Supported Site Arizona State University: Induction & Mentoring

Successes

  • We obtained a database of potential Phoenix area mentor teachers in both physics and chemistry through cooperation with the local Modeling Instruction network and the Mary Lou Fulton Teacher's College.
  • We obtained and updated a list of both undergraduate and graduate students who are in a physics or chemistry teacher preparation program.
  • In year one, five pre-service teachers were contacted and mentored by TIR throughout the year during their internships and/or student teaching experiences. In year two, 2 pre-service teachers were mentored by TIR throughout the year.
  • LAs were mentored at least once per week by the TIR throughout the fall and spring semesters.
  • LA Pedagogy Course (PHY 494/598), offered in fall 2012, became an opportunity to recruit and provide guidance for 12 students, 9 of whom became LAs in the semester following the course, and 4 of whom now have firm plans to pursue teacher certification.
  • Two previous LAs applied and were accepted into the TEAMS program in spring 2014. The TEAMS program is a collaboration between ASU and Mesa Unified School District that allows students to obtain a Master's degree in conjunction with their Arizona State Teaching Certification. TIR will continue contact with them as they pursue certification.

Challenges

  • Although it was easy to mentor interns and student teachers when they were available on campus, it was difficult to arrange visits to them in their K-12 classrooms.
  • As pre-service teachers enter their first year of teaching, it is difficult to arrange times to visit their classrooms as they are still getting used to their new position.
  • LAs, interns, and student teachers were not always free to implement the reform teaching practices they learned about in the pedagogy course, due to both curricular and time constraints, which was sometimes a source of frustration.

Sustainability

  • The physics department has committed to sustaining the TIR position at ASU, providing a mechanism for continued mentoring of student teachers.
  • The Master of Natural Science (MNS) program in the physics department, as well as the associated Modeling Workshops that run consistently each summer, provide an already-institutionalized tool for identifying future teachers and potential mentors.
  • The approval and success of PHY 118 Explorations in Science Teaching (see Course Reform) has set a precedent for identifying mentees and connecting them with local master teachers.

Lessons Learned

  • Quality mentoring is critical to support future teachers as they prepare for a demanding but rewarding career. These mentor/mentee interactions correlate directly in how many individuals choose to pursue an LA position and/or teaching.
  • Mentoring should not necessarily be considered a one-on-one activity. A great deal can be gained by referring mentees to additional faculty members, graduate teaching assistants, and providing opportunities for mentees to meet with each other.
  • Mentoring does not necessarily require a formally scheduled meeting. Mentors should take advantage of chance meetings and maintain a high visibility in student services or tutoring centers; informal conversations are often more informative than scheduled meetings.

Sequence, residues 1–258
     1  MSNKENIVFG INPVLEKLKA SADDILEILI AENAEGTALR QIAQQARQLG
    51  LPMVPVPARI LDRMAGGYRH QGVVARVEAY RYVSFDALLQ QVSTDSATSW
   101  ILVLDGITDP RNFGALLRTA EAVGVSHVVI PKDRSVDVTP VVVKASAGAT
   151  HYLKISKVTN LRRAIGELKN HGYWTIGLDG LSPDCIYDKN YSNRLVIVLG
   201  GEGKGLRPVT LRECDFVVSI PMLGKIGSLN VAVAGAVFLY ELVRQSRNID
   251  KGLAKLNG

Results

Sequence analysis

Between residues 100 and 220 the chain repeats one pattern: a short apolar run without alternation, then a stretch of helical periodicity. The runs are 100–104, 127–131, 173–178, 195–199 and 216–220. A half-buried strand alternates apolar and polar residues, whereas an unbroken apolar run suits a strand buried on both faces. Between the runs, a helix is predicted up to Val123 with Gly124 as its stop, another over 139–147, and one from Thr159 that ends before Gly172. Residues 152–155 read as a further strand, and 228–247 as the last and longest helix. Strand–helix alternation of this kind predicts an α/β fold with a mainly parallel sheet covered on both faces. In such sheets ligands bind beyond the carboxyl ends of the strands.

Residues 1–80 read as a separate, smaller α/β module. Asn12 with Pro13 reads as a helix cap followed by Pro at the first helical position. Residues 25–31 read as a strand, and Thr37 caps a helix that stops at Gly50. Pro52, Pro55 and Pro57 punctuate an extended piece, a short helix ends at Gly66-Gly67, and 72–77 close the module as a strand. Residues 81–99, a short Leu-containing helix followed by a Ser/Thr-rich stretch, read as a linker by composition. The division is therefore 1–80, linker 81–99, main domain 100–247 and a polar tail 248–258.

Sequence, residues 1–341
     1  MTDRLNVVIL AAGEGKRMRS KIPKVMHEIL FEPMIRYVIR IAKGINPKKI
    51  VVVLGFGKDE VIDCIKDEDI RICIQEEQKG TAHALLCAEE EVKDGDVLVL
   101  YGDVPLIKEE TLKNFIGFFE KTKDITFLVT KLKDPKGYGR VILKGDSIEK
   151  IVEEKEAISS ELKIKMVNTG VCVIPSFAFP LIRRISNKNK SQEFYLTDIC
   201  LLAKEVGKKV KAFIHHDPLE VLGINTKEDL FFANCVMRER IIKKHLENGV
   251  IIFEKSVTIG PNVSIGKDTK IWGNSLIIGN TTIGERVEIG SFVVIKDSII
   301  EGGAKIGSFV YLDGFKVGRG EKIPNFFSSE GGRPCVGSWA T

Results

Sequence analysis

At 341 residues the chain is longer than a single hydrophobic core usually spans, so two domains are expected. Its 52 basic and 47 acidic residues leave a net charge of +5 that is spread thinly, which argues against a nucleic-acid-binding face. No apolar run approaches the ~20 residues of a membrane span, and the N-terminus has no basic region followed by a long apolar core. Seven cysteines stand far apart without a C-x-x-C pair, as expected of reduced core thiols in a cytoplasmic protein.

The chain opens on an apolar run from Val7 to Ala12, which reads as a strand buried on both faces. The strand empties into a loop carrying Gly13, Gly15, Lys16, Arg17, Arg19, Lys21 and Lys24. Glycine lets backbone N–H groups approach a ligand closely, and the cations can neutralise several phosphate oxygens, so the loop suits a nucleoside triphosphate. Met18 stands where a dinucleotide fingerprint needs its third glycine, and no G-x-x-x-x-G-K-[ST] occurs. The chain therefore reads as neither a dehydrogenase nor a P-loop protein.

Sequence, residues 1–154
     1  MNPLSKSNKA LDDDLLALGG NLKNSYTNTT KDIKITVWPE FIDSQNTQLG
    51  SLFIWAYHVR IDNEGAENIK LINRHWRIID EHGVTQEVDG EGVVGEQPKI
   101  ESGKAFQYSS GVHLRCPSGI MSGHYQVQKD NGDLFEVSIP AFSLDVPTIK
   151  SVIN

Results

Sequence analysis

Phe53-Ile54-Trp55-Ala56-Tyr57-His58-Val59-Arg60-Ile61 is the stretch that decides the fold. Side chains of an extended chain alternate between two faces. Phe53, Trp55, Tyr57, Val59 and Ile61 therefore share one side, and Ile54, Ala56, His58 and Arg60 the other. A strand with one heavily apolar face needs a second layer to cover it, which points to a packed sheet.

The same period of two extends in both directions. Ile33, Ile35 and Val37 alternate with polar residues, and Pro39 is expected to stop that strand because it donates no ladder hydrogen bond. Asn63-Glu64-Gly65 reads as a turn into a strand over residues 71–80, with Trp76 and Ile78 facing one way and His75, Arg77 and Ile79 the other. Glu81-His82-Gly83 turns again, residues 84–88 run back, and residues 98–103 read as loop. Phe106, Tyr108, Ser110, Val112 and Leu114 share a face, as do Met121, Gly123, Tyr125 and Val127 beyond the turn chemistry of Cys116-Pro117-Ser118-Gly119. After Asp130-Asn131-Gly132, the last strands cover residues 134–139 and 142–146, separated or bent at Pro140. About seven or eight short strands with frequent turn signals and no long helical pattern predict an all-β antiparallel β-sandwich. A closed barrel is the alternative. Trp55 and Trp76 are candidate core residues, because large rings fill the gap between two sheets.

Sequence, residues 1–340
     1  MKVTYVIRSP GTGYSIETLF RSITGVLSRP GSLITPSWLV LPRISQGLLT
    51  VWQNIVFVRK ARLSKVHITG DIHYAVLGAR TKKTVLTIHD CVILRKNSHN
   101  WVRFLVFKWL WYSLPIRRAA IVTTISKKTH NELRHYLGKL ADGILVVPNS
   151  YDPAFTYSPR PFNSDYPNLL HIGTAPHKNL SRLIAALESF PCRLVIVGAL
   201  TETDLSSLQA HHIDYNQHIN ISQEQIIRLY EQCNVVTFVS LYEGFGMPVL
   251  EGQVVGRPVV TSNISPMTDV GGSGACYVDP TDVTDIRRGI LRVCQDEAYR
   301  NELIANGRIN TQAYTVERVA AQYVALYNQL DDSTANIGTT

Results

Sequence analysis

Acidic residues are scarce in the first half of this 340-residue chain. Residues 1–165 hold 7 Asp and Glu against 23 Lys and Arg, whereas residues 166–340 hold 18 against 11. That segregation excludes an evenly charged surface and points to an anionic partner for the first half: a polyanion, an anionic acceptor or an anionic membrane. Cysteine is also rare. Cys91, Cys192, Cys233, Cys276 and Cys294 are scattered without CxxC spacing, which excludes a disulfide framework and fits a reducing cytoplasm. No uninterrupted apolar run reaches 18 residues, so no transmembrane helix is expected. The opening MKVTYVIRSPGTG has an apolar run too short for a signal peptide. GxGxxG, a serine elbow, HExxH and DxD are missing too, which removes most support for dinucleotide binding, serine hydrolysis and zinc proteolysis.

• The TIR has proved to provide a helpful voice of experience to future teachers, and has helped students prepare for jobs as future physics educators.

Activities

  • In fall 2012, TIR and LAs attended the training of the new physics graduate TAs prior to the fall semester to get an idea of their duties and how to integrate PhysTEC LAs with the existing TA program.
  • PHY 494/598 Seminar in Teaching and Learning Physics, originally intended solely as an LA pedagogy class, was made available for both undergraduate and graduate credit in order to meet the needs of a wider variety of students. The course was offered in session B of fall 2012.
  • Relationships with the ASU Physics and Modeling Instruction group and the Teacher's College were established to compile a database of local mentor teachers, as well as a list of both undergraduate and graduate students in a physics or chemistry teacher preparation program.
  • Students in the LA pedagogy course attended the SCALE UP (Student Centered Active Learning Environment for Undergraduate Programs) colloquium and wrote a reflection about the ideas presented.
  • Pre-service teachers in other science content areas (specifically chemistry) heard about the PhysTEC team via word of mouth, and came to TIR to arrange more valuable interning experiences for them during their teacher preparation program.
  • In year one, TIR used local contacts to successfully adjust two pre-service teacher placements so that they occurred in a classroom implementing reform teaching.
  • Representatives from the Berkeley Compass program provided a colloquium at ASU. These representatives met and exchanged contact information with LAs and one graduate TA. One of these representatives was subsequently hired to start a program similar to Compass in the ASU physics department.
  • The year one PhysTEC site visit prompted additional communication with pre-service teachers out in the field doing K-12 internships or student teaching. These individuals were especially inquisitive about teaching positions in the local districts, and were put in contact with local schools by the TIR.
  • A new PhD and former GAANN fellow mentored throughout the school year by the TIR chose to pursue a position as a high school teacher, and was subsequently hired by a local public charter for the 2013-2014 school year.
  • As the two TEAMS students begin their paths towards certification in fall 2014, TIR will continue to mentor them and provide guidance when needed.